Politically speaking, that — to borrow another southernism — “takes the cake.” It rightly earns Edwards the title of S.0.B., and those initials don’t stand for “Sweet Old Boy.” That’s reserved for those who earn the title but at least remain likable. Edwards no longer qualifies as a likable S.O.B.
Pretty much by definition, a man who can be described as a cad is not a wholly admirable human being. There are, however, cads whose behavior shows a certain panache, an undeniable flair, a sense of humor and a genuine, if deeply flawed, humanity. Former D.C. mayor Marion Barry, I would argue, is one of these “lovable rogue” cads.
John Edwards is not. His caddishness, it appears, has no redeeming social or political value. He’s just a bad cad.
…In the course of what Young describes as an elaborate subterfuge to conceal Edwards’s paternity, two of the former senator’s wealthy campaign donors were tapped for funds that went to Hunter as what would appear to be hush money. Edwards is being investigated by federal prosecutors for possible campaign-finance violations, though I think it will be hard for the law to lay a glove on him.
But looking forward, with his mistress, to the day when Elizabeth would die? Planning a post-funeral wedding? Choosing the rock band? Even if all this was just a fairy tale meant to reassure Hunter and keep her quiet, I can’t have any “like” for John Edwards anymore. The forgivable kind of cad could never do such a thing. Only the worst kind would.
As Eugene Robinson writes in the Washington Post article above, there’s pathological quality to Edwards’ behavior that even the former senator himself recognized when he attributed to “a self-focus, an egotism, a narcissism that leads you to believe that you can do whatever you want. You’re invincible. And there will be no consequences.”
As far as the diagnosis goes, he’s not far off the money.
Narcissistic personality disorder symptoms may include:
- Believing that you’re better than others
- Fantasizing about power, success and attractiveness
- Exaggerating your achievements or talents
- Expecting constant praise and admiration
- Believing that you’re special
- Failing to recognize other people’s emotions and feelings
- Expecting others to go along with your ideas and plans
- Taking advantage of others
- Expressing disdain for those you feel are inferior
- Being jealous of others
- Believing that others are jealous of you
- Trouble keeping healthy relationships
- Setting unrealistic goals
- Being easily hurt and rejected
- Having a fragile self-esteem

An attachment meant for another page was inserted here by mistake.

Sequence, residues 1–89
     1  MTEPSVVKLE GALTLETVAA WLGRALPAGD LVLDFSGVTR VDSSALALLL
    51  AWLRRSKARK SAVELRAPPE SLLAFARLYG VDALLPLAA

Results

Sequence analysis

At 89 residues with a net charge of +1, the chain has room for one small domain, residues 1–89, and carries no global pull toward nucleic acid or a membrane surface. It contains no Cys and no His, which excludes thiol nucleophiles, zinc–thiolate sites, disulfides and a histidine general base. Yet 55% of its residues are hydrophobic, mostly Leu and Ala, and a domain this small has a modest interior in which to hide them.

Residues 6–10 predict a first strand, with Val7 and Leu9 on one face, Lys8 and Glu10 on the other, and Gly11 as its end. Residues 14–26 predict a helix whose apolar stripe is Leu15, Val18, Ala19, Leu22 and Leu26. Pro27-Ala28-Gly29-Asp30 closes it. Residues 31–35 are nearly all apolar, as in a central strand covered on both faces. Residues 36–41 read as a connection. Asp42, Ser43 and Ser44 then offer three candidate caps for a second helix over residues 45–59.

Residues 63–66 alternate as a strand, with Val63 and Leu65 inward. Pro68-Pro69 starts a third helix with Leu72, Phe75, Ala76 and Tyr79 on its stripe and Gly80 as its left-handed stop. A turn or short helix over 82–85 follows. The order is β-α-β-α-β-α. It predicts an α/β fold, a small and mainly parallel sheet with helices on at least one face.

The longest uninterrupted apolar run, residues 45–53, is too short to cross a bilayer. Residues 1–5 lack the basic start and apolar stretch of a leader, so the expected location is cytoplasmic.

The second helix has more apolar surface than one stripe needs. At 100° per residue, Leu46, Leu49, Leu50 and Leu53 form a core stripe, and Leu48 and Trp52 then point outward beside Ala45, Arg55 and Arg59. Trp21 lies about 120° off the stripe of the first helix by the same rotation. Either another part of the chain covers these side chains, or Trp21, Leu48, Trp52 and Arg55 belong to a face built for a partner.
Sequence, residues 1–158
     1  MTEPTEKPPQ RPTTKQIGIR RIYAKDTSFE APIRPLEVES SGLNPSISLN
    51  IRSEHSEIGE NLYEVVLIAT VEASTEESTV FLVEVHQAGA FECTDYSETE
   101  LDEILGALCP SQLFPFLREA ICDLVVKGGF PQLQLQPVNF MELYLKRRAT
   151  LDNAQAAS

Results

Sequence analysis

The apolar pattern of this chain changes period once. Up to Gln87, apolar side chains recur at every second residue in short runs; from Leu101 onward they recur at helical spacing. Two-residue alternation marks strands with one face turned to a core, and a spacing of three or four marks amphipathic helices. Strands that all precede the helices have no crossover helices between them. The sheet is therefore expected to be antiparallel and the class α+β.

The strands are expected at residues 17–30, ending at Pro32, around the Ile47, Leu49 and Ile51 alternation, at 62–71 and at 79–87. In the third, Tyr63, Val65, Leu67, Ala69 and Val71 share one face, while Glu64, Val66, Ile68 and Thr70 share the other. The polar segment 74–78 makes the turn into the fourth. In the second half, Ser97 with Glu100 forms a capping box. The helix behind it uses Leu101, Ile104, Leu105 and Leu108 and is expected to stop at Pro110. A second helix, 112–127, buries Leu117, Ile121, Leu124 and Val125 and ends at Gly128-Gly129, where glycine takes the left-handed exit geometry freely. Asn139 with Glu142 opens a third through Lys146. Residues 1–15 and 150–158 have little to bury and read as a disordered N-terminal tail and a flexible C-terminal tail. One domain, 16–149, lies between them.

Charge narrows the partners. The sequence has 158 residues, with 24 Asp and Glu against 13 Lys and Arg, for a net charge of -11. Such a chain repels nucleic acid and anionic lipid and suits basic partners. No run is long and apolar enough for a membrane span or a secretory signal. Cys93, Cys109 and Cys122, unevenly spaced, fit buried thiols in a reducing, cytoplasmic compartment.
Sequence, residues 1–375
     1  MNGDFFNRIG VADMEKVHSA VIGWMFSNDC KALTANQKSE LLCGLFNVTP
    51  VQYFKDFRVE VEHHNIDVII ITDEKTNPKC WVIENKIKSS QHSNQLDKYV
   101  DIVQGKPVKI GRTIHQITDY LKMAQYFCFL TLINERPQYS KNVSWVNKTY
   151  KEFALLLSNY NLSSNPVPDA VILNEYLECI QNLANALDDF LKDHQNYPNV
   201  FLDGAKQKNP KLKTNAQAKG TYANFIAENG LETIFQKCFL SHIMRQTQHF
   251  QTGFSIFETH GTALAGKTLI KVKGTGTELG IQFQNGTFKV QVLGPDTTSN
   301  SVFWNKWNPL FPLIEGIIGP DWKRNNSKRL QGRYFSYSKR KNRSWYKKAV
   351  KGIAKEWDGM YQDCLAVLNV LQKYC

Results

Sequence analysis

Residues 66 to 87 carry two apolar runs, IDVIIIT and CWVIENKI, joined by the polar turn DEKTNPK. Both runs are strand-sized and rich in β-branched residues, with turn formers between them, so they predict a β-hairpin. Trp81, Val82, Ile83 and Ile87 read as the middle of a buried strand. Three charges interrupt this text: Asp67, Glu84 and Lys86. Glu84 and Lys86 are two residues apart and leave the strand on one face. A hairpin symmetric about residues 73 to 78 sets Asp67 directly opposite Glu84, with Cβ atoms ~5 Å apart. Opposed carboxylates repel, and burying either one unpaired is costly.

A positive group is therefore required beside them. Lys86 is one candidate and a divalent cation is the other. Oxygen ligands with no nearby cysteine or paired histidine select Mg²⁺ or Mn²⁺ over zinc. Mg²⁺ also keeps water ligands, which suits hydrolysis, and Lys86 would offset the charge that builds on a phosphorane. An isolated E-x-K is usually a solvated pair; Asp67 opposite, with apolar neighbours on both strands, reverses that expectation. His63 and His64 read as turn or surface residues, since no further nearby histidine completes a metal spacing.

- Appearing as tough-minded or unemotional
Although some features of narcissistic personality disorder may seem like having confidence or strong self-esteem, it’s not the same. Narcissistic personality disorder crosses the border of healthy confidence and self-esteem into thinking so highly of yourself that you put yourself on a pedestal. In contrast, people who have healthy confidence and self-esteem don’t value themselves more than they value others.
I can’t help wondering if there aren’t some anti-social traits in the mix as well.
Look, I know that politics is a magnet for people with varying degrees of narcissism. I know women (and men) sometimes throw themselves at political candidates and elected officials. (Unsurprisingly, it’s reported that women hurled themselves at Obama left and right during the campaign. Fortunately, he was smart enough to dodge them, otherwise it would certainly have been reported.) Political spouses come to expect some of that. But at the end of the day, however many times the opportunity to “get a little on the side” is flung in your face — with your commitment to your spouse and family on the line, not to mention the hopes and energy of countless supporters — you’re supposed to put your “big boy britches on” (or keep them on) and deal with it.
When he came forward about his affair, Edwards told Nightline’s Bob Woodruff that he wanted America to “see who I really am.”
Frankly, I’ve seen enough. Sure, like I said, the man nice to look at. Not to compare the two, but so was Ted Bundy. Sometimes a pretty package, unwrapped, reveals a big mess. Pretty on the outside doesn’t mean pretty on the inside.
Pretty, in the end, is as pretty does.